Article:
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In order to offset the danger of non-Protestant caricaturing of the Protestant position, Gavin offers a “nuanced” definition of the perspicuity (“clearness”) of Scripture from the Westminster Confession (1.7). He importantly notes the “key point” that “the perspicuity of Scripture has to do with getting saved; it’s about understanding the message of salvation from the Scripture. It has never been understood to say that the Bible is perspicuous in general, in some unqualified sense.” [6:o5-7:11]

I totally concur with this, and am happy to pass it on to my Catholic readers, so that they don’t caricature the Protestant view. I confess, on my part, that I have myself not always noted in my apologetics the subtlety and nuanced nature of the Protestant understanding of perspicuity. As Gavin noted earlier in the video, both sides too often caricature the other (I’ve seen it many times in my apologetics discussions, so I am personally quite aware of this, and sometimes I fall into it as well), and that does no one any good. It’s unethical, it bears false witness, and it doesn’t advance constructive, helpful dialogue.

Sola Scriptura has always been maintained as the view that the Bible is the only infallible rule for theology. . . . There’s a big difference in saying that the Bible is the only source for theology, and  saying the Bible is the only infallible source for theology. But I hear this over and over again . . . If you [Catholics and Orthodox] hear nothing else in this entire video, hear this: don’t say that Protestants believe that the Bible is all you have or all you need; it’s just you and your Bible and that’s it. Thoughtful Protestants have always understood that tradition has an important place . . . all we’re saying is the Bible is the final court of appeal. . . . Calvin and Luther affirmed the early ecumenical creeds and councils. Thoughtful Protestants recognize that there is oral tradition mentioned in the Bible.  . . . The Scripture is is the final court of appeal: the norming norm that norms all other norms but is not normed itself[7:11-9:35, my own bolding, to highlight his central point]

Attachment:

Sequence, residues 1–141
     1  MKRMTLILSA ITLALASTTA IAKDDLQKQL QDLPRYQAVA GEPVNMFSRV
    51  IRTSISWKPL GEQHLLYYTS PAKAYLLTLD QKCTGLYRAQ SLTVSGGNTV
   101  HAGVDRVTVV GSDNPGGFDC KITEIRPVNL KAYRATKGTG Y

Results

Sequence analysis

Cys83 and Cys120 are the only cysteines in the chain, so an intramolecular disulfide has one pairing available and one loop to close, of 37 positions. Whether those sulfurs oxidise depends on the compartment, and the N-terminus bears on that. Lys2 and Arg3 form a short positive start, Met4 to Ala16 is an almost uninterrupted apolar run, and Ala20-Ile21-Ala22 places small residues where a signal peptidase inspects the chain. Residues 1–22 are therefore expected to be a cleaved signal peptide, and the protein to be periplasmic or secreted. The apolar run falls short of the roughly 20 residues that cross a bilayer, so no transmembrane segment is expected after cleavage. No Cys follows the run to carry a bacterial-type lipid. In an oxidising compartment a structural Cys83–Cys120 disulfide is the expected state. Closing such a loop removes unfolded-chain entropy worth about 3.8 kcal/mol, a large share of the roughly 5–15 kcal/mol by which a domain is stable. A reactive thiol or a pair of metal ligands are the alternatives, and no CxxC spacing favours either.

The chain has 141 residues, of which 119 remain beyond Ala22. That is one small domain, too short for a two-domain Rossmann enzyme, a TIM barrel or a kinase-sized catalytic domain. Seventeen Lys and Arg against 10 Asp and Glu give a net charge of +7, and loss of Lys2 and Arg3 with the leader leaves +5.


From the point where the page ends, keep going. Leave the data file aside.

This is my understanding of what sola Scriptura means as well, and has been my working definition in my Catholic critiques of it these past 31 years. The words “only infallible rule” are key, because it qualifies an overly broad understanding, or one that has been the caricature used by too many critics of sola Scriptura. I have even gotten into some discussions with fellow Catholic apologists about the supreme importance of getting the definition right, and not caricaturing it.

Here’s a second objection, and that’s that sola Scriptura was not known to Church history, and it was invented by the Reformers. [he provides a video example of a Catholic arguing this point]. . . . I want to suggest that things are much more complicated than that. Actually, what you have is a development in the Church’s understanding of Scripture and tradition, . . . It took a long time to get to a fully articulated two-source view of divine revelation, where you’ve got Scripture and sacred tradition as this sort of two-pronged view of revelation. [9:33-11:13]

It should be noted that the Second Vatican Council (1962-1965) disputes this “two-pronged” revelation in stating: